The scale of the housing tower is drastically out of proportion within its context. Currently, housing within the NIZ and in the surrounding area is all under four stories in height. This allows the residents to have direct visual and/or physical connection to the street. Revitalization of the center city depends on this relationship. Residents are able to actively participate in street life and can keep a close eye on the new and improved section of the city, which they call home. Allowing the first two levels of Five City Center to be occupied by commercial functions in conjunction with the excessive vertical stacking of luxury apartment units represents an architectural solution to city housing that is unwarranted for Allentown. This approach is most successfully utilized in cities where the density of buildings requires vertical expansion in order to make room for new residents. The design creates an ivory tower for the new residents of the center city and amplifies the divide between the NIZ and the surrounding neighborhood. In addition to the out of scale apartment tower, the design for the parking deck, which serves both the apartment and the office towers, furthers the divide between existing urban fabric and the redevelopment efforts.

Shuey 1

Current Design

Shuey 2

Rearranged Design

The parking deck, placed at the southwest corner of the plan for Five City Center, sits at the edge of the NIZ. It takes up a whole block and rises five stories above the street. Directly connected to the luxury apartment tower, the roof of the parking deck provides a space for residents to recreate and relax, further disconnecting their activities from the surrounding neighborhood. Rather than being offset from the street and situated within the confines of the city block, the parking deck holds the street edge and creates a harsh condition for pedestrians at street level. Street front engagement allows people who live in the surrounding neighborhoods to become active users of the redeveloped zone. Allowing the parking deck to occupy this space prohibits the residential project from engaging with the neighborhood as a whole. A set of diagrams (above) show how a simple rearrangement of the residential building and the parking deck allows engagement with the street and would allow the current height of the residential tower to be significantly reduced. Low-rise apartments and/or townhouses with a direct physical connection to the street are more appropriate solutions for the integration of market-rate housing into the NIZ. A careful consideration of scale would allow the residences to become an essential part of street life. Changing the organization of the units will reduce the number of possible units (a nightmare for developers). Although this may not necessarily be a bad thing. Increasing the demand for housing in and around the NIZ will encourage people to move into and renovate existing townhouses and apartments if the new complexes are already fully leased.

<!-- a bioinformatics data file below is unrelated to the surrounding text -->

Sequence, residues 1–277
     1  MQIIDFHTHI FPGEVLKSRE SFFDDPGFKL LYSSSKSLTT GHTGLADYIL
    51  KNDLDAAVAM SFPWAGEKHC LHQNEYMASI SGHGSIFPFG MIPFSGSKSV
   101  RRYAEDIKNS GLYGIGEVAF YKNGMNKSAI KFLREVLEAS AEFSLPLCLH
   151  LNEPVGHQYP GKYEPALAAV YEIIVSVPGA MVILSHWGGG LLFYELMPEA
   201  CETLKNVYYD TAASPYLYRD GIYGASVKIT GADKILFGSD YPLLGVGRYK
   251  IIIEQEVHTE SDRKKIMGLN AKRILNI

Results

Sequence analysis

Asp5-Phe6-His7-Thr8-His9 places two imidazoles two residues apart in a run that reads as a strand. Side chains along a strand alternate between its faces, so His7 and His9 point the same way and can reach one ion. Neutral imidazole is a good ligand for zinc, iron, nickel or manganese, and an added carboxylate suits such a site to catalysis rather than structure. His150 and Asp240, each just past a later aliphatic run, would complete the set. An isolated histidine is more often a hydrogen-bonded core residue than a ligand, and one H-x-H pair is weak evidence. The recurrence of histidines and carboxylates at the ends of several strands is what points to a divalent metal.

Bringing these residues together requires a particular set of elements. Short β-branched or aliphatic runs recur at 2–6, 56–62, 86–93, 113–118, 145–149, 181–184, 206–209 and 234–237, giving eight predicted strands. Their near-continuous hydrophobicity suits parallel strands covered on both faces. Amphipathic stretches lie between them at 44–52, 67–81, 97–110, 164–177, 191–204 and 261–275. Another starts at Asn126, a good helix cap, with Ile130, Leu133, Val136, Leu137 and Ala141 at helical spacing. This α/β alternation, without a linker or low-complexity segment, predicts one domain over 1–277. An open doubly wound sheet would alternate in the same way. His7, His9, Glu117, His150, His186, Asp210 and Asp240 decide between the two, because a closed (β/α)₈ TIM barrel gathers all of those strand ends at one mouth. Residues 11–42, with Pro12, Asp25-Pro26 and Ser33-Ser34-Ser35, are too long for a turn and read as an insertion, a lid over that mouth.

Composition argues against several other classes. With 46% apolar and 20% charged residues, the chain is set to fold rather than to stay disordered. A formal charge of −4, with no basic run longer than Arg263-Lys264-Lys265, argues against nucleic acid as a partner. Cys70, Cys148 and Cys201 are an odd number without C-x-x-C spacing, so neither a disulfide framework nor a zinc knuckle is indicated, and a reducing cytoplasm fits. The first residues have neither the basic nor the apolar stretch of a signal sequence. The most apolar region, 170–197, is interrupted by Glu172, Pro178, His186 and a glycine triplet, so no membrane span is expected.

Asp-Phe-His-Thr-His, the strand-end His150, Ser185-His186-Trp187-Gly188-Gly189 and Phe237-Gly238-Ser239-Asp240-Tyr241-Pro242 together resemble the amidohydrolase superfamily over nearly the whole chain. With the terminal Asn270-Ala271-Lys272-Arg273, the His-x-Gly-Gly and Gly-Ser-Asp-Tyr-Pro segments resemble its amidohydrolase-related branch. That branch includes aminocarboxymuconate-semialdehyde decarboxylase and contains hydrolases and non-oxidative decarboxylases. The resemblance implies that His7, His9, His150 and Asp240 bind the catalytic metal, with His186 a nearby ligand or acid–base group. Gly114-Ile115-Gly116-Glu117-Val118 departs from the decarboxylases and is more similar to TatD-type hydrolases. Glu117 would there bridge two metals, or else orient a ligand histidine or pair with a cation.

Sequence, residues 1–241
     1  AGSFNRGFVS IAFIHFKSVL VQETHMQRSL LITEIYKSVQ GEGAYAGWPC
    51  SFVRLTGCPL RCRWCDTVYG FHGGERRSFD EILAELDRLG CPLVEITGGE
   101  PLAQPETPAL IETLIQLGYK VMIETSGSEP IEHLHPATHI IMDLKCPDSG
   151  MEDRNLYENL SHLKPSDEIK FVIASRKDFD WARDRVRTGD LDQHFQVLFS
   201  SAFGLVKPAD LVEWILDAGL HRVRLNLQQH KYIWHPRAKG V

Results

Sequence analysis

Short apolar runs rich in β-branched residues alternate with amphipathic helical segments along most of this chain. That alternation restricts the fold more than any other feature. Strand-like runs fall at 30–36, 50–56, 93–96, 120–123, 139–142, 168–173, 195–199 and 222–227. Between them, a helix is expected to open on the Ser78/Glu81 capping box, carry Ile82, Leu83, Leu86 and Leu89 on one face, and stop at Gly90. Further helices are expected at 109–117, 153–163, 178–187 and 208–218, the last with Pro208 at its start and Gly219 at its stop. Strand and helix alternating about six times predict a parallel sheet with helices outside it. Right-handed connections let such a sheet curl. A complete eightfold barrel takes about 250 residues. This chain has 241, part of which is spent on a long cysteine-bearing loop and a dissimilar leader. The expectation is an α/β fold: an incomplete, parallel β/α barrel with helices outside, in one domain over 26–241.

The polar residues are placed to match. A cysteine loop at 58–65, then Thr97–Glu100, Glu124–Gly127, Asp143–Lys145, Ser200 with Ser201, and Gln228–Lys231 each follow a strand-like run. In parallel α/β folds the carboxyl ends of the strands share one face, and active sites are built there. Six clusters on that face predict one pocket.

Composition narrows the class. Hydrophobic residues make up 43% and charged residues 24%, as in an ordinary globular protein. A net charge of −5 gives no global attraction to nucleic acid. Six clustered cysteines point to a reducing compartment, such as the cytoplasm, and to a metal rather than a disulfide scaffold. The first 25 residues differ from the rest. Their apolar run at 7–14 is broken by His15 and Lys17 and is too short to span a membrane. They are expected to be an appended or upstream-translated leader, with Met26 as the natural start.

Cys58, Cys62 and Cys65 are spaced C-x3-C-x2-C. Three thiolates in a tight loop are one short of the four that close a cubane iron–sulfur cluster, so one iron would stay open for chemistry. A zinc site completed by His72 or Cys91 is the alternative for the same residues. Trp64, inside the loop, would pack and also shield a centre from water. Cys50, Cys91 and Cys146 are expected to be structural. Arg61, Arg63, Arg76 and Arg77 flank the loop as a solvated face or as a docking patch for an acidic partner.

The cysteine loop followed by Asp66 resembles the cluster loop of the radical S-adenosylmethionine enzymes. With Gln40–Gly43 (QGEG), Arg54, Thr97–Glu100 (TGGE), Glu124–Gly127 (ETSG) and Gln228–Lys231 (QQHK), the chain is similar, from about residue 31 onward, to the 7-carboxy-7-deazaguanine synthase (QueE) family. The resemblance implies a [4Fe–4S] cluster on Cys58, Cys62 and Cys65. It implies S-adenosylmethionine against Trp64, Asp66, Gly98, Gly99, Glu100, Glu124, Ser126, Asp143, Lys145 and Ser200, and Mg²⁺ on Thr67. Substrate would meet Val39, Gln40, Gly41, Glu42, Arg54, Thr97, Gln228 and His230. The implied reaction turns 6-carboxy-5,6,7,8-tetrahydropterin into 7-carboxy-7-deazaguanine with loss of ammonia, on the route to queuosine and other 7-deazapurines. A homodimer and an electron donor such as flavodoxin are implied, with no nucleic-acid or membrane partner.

Seen by some as a large-scale gentrification effort, the NIZ has the potential to become an island within the urban fabric of Allentown. The development of residential projects has the ability to integrate the new users of the space into the immediate community. Designs for the market-rate housing units need to be aware and respectful of the surrounding context. Gensler’s design for Five City Center fails to do so by not responding to the scale of the surrounding area and creating edges/boundaries that allow the NIZ to become a physical boundary rather than a shaded region on a redevelopment map.